References:

(2013, November 11). 21 Tips To Survive Divorce And The Holidays. Retrieved November 14, 2017, from https://drkarenfinn.com/divorce-blog/life-after-divorce/180-21-tips-to-survive-divorce-and-the-holidays

Alimony in the State of Florida

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A former Miami Dolphin was in the news recently, not for making plays on the field, but for skipping out on an alimony payment to his ex-wife. Jason Taylor was divorced from his wife of 14 years back in 2015. At the time, a judge ordered Taylor to pay his ex-wife $8.67 million in a lump sum alimony payment. This summer, his ex-wife filed a lawsuit in Broward County claiming that Taylor still owes her $3.4 million, and despite attempts to retrieve the money peacefully, she has not had any success in obtaining the funds owed to her.

Alimony Controversies

Alimony has been a hot topic lately as many argue that that statutes and conditions of traditional alimony are outdated now that women have a higher earning power. Some may say that permanent alimony keeps ex spouses tied to each other until death, and often brings children and current spouses into unnecessary legal fights.

For example, in one Florida case, a woman is suing her former husband’s current wife for legal fees stemming from her alimony case. According to her lawsuit, her ex- husband neglected to pay alimony for years, and when he was ordered by a court to pay his ex hundreds of thousands of dollars in back alimony, he transferred many of his significant financial assets to reside under his current wife’s name so that he could escape collection of his debts. Hi ex-wife claims that she is attempting to retrieve what is owed to her by the lawsuit against the current wife’s assets.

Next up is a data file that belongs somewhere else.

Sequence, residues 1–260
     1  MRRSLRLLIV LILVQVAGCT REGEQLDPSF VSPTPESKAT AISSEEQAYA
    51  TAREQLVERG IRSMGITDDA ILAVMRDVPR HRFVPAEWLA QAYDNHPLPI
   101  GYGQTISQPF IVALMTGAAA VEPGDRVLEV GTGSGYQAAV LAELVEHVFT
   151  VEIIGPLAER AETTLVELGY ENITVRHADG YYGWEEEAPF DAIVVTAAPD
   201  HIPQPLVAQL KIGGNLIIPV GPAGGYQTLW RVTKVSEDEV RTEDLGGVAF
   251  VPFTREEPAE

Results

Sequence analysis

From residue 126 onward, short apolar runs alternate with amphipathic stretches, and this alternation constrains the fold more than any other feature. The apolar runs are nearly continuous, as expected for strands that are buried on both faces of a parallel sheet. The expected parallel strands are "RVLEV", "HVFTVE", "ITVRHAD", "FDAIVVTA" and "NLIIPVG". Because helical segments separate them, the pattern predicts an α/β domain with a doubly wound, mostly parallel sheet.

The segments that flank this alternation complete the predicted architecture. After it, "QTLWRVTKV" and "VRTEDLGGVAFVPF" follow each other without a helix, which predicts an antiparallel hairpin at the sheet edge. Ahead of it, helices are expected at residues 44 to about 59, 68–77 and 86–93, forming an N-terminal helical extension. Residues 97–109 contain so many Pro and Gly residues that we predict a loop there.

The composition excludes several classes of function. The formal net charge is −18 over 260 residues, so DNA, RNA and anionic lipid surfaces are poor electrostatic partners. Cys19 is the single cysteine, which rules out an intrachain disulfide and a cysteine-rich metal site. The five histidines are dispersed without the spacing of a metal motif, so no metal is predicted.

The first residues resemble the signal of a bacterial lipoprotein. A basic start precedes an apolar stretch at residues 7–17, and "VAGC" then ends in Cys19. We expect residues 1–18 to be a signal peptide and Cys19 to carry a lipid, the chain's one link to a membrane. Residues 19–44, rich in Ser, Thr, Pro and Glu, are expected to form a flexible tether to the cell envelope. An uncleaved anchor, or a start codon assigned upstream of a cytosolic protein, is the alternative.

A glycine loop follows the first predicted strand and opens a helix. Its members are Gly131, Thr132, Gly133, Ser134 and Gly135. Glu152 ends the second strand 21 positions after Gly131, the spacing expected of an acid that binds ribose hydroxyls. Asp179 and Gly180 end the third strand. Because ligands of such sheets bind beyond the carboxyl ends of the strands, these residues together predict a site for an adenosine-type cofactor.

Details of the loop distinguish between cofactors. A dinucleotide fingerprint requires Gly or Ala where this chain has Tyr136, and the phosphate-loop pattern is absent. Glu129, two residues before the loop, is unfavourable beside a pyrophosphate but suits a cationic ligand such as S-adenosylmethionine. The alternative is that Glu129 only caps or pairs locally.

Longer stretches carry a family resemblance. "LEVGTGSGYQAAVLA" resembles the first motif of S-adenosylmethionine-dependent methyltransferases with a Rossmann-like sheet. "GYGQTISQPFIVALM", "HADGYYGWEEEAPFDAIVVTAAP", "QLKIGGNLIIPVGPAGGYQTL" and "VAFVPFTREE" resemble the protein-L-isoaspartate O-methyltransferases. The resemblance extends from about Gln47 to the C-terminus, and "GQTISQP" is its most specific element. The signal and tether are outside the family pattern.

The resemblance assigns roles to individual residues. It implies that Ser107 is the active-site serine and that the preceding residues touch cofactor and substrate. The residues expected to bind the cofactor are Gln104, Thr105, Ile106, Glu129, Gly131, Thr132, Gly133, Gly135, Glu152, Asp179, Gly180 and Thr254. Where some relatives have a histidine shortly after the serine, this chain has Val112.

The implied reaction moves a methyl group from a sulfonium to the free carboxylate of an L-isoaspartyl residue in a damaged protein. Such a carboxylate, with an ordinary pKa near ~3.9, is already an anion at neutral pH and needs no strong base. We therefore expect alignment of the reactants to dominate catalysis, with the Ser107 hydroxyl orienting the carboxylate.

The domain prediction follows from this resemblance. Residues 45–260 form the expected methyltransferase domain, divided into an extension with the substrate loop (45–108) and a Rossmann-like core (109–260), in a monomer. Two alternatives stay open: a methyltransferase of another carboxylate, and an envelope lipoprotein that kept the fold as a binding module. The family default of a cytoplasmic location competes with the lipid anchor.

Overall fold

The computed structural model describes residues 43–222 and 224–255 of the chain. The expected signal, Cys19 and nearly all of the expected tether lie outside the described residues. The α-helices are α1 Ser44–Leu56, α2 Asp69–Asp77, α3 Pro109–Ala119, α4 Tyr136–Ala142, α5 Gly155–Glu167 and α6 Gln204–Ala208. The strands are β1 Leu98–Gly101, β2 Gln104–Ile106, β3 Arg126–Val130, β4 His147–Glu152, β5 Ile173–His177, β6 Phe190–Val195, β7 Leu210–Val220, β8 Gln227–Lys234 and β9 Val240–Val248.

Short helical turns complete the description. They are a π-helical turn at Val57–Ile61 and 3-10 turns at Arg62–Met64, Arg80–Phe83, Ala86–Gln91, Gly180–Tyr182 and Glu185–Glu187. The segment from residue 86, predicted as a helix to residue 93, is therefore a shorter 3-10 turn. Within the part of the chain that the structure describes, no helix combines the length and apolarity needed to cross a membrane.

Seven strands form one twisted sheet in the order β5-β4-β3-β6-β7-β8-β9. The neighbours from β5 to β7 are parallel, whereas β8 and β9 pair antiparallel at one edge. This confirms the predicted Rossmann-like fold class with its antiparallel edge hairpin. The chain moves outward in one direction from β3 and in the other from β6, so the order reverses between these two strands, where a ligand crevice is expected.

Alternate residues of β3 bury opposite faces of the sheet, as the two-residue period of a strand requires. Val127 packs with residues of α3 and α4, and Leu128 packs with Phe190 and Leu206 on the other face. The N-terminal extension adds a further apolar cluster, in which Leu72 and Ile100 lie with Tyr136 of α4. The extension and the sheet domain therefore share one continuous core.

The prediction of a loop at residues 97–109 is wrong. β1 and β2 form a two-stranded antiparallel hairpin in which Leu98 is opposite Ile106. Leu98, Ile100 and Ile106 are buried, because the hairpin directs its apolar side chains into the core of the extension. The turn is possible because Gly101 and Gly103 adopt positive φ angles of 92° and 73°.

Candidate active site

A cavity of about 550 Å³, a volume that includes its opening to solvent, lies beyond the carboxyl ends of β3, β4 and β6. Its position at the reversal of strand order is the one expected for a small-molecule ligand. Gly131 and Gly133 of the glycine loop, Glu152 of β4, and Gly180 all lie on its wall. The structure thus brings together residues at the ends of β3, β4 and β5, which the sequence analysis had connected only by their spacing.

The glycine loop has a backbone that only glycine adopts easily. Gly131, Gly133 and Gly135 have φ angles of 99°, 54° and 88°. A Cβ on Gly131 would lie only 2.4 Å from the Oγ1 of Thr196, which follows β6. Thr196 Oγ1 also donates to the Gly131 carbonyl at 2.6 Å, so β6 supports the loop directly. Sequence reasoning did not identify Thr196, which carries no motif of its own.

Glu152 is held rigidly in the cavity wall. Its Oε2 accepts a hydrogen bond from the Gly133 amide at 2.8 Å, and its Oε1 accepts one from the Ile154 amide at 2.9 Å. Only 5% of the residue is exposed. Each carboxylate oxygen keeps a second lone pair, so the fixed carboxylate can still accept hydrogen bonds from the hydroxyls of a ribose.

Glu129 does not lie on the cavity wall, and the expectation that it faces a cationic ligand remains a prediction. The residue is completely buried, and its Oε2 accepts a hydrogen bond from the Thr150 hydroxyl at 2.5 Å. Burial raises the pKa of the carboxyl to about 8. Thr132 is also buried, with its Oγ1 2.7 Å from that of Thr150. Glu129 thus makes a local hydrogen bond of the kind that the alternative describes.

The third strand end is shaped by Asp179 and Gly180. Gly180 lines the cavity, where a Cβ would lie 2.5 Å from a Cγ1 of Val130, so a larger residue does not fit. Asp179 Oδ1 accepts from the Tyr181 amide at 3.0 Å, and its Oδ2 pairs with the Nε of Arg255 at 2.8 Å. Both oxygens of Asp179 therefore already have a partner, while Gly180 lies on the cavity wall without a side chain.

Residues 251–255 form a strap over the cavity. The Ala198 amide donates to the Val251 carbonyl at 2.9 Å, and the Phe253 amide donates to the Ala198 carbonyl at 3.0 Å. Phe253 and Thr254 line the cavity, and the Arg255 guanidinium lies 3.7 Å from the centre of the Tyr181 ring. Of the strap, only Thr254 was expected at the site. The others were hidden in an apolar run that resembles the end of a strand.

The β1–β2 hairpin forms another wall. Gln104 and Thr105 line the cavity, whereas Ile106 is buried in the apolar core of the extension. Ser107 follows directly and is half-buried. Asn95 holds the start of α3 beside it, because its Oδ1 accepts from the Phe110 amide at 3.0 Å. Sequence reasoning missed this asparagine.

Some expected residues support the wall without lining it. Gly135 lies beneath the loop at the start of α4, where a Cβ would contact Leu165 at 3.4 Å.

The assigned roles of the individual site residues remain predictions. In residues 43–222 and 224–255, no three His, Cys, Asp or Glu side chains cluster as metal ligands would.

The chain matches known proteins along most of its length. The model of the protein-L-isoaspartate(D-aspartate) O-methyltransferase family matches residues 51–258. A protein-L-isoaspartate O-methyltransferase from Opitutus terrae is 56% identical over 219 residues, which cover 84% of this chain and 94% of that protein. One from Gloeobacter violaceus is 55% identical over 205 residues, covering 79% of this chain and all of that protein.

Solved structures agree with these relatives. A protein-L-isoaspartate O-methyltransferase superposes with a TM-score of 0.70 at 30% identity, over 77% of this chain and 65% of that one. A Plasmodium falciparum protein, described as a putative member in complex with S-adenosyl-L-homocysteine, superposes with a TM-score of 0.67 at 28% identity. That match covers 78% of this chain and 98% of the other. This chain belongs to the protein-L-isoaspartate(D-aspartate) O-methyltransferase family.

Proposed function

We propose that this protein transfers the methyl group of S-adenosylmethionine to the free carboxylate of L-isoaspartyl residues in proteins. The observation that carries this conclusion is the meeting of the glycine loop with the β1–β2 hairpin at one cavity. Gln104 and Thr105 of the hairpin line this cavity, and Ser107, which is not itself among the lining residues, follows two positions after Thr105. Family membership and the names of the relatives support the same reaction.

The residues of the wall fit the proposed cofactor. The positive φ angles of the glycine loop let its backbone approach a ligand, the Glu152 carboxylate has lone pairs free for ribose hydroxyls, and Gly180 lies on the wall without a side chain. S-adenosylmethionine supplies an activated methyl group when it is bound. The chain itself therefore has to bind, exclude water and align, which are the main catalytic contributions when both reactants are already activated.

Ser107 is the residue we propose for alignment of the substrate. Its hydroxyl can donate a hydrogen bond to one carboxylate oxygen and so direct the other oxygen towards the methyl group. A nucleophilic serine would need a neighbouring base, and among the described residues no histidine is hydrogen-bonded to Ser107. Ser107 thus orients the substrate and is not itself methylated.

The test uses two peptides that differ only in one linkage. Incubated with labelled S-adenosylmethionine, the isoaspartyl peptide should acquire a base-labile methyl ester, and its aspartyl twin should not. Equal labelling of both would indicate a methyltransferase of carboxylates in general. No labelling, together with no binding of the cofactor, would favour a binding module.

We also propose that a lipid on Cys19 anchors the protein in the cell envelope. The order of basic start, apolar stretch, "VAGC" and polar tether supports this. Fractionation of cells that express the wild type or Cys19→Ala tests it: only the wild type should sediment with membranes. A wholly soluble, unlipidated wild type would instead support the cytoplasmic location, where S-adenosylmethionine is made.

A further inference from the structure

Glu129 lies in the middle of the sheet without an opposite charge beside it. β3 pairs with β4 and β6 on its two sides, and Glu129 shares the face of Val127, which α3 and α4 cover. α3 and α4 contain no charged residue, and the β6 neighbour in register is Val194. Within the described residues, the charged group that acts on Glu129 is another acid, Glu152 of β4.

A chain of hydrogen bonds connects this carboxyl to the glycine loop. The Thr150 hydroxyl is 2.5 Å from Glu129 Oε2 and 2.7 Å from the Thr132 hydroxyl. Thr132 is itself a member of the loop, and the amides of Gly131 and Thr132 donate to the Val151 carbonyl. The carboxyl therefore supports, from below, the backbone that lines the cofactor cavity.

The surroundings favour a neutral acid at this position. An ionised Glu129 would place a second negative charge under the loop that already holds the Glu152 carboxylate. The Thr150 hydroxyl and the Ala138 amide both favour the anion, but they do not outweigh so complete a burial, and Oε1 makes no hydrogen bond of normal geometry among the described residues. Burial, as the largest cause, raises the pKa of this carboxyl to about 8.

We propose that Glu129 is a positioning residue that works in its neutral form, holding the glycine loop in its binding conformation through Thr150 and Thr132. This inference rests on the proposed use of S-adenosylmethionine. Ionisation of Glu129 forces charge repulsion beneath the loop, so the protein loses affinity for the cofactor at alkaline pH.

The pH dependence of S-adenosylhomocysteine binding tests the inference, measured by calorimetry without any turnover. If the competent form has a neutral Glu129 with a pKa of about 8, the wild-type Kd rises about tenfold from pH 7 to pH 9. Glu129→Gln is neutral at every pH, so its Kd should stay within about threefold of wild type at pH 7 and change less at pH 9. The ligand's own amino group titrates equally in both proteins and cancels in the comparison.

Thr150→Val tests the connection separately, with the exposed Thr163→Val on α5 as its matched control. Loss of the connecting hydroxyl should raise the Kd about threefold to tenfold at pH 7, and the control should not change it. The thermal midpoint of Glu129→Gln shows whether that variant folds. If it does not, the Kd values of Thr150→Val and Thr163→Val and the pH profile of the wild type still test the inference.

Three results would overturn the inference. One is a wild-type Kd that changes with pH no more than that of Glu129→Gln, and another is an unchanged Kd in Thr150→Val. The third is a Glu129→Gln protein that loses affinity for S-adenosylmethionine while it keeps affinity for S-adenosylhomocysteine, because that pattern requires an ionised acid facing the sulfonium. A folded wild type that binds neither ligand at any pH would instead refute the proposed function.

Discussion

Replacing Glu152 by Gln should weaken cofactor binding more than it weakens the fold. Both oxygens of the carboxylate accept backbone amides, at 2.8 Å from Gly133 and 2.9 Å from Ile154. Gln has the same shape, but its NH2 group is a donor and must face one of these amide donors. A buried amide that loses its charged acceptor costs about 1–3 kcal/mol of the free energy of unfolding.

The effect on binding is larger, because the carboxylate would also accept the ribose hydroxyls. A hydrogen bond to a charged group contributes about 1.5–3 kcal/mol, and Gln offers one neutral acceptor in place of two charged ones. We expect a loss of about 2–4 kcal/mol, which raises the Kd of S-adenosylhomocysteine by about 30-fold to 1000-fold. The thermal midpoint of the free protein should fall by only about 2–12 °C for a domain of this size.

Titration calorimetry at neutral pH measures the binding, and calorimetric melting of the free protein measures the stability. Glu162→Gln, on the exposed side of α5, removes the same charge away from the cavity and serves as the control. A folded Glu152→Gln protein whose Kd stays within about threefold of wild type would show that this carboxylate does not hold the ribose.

What is alimony?

In the state of Florida, alimony, or maintenance, can be granted to either party after the dissolution of a marriage. The purpose of awarding alimony can range from acting as a “bridge-the-gap” payment, which is set in place until the recipient is able to get to a better financial situation after the marriage, to a permanent alimony structure, meaning one spouse pays the other until death. Alimony can also be durational with a stop date, or rehabilitative, with a structured plan in place to get the recipient from one status to another with regards to employment or disability. A court can order that the payments are made on a monthly basis, or in a lump sum, as the Taylor case represents.